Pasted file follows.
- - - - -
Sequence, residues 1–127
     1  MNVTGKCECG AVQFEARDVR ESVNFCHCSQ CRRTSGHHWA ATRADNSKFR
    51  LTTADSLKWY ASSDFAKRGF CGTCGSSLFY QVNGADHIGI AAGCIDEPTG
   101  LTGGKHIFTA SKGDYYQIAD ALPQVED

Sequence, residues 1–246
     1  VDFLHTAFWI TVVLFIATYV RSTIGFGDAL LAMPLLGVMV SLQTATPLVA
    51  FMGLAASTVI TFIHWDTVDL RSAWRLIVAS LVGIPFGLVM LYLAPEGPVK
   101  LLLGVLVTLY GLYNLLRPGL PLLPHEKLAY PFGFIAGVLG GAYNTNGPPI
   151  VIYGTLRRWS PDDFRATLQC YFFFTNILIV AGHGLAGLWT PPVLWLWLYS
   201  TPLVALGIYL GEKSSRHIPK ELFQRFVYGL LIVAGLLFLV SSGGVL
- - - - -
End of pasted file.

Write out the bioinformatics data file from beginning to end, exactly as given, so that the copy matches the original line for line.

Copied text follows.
Sequence, residues 1–127
     1  MNVTGKCECG AVQFEARDVR ESVNFCHCSQ CRRTSGHHWA ATRADNSKFR
    51  LTTADSLKWY ASSDFAKRGF CGTCGSSLFY QVNGADHIGI AAGCIDEPTG
   101  LTGGKHIFTA SKGDYYQIAD ALPQVED

Sequence, residues 1–246
     1  VDFLHTAFWI TVVLFIATYV RSTIGFGDAL LAMPLLGVMV SLQTATPLVA
    51  FMGLAASTVI TFIHWDTVDL RSAWRLIVAS LVGIPFGLVM LYLAPEGPVK
   101  LLLGVLVTLY GLYNLLRPGL PLLPHEKLAY PFGFIAGVLG GAYNTNGPPI
   151  VIYGTLRRWS PDDFRATLQC YFFFTNILIV AGHGLAGLWT PPVLWLWLYS
   201  TPLVALGIYL GEKSSRHIPK ELFQRFVYGL LIVAGLLFLV SSGGVL